This New Year we get to look forward to gathering with God’s people! The psalmist appeals to God to remember and honor how David wanted to make a special place to meet with the LORD (:1-5).

I will not enter my house or get into my bed … I will not give sleep to my eyes or slumber to my eyelids … until I find a place for the LORD (:3-5).

The psalmist, then, goes on to record Israel’s response in following David and, finally, a further appeal to God to accept the present king, whomever he might have been at the time:

For the sake of your servant David, do not turn away the face of your anointed one (:10).

I catch a little insecurity here, don’t you? Of course, God’s promise of remaining on the throne was conditioned on obedience for each of David’s kingly descendants. Those who did not seek the LORD (and, most didn’t) were removed.

This brings us to the reason we can look forward to gathering in our church’s this New Year. God will meet with His people, because of the active obedience of Christ! And, more, God meets with us, because He chooses to dwell in the midst of His people whom Paul calls the Body of Christ. Your church is a local chapter of this Body, and you can meet there with God’s people without insecurity, because of Jesus’ work.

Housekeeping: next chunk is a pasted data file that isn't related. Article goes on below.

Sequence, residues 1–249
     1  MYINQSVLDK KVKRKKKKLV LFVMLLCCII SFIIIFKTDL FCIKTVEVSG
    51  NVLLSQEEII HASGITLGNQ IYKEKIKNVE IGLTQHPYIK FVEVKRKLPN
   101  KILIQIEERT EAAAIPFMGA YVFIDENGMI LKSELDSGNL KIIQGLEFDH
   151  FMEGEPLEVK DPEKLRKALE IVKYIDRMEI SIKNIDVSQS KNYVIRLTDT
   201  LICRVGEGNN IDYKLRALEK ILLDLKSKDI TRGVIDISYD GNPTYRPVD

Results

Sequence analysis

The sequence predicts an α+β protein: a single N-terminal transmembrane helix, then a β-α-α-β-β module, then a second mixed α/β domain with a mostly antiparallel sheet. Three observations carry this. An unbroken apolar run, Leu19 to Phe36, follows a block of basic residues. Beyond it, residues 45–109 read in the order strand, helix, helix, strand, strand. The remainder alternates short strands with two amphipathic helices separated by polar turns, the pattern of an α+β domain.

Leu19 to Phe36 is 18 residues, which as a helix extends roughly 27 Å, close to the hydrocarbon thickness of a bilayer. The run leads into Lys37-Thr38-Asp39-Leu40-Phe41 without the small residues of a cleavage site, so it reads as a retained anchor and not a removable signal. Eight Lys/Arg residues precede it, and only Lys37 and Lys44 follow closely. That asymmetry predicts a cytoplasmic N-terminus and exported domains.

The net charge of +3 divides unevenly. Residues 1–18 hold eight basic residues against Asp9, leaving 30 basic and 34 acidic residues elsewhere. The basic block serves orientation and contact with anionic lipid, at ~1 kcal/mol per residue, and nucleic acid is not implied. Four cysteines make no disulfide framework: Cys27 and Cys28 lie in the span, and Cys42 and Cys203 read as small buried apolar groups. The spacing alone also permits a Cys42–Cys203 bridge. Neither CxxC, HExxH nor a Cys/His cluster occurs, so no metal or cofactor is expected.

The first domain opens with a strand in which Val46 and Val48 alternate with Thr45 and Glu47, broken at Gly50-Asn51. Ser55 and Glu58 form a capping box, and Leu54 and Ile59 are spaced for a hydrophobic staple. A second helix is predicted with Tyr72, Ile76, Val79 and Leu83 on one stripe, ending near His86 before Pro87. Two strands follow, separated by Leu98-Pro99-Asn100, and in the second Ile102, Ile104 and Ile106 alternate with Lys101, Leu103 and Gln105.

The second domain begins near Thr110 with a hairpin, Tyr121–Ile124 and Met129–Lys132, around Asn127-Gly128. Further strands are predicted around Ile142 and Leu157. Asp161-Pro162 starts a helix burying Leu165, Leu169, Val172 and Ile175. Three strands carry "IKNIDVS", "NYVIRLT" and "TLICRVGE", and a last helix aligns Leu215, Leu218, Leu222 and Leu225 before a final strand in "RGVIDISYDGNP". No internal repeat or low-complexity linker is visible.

Great as that is, there’s something else to which this psalm helps us look forward.

This New Year we, together, get to anticipate Christ’s return. The second half of the psalm records God’s response to David: God’s oath to David (:11-12), God’s choosing of Zion (Jerusalem), to which His Messiah will come (:13-16), and God’s securing of the throne for David in Messiah (:17-18).

For the Nation, as for us, this is yet future. Ah, but there’s so much to look forward to. Note the word pictures: clothing, indicating salvation and righteousness … a horn, a picture from the animal world, indicating dominance … a lamp, showing revelation from God … and then, the crown. Jesus, who reigns presently, will return to establish His reign!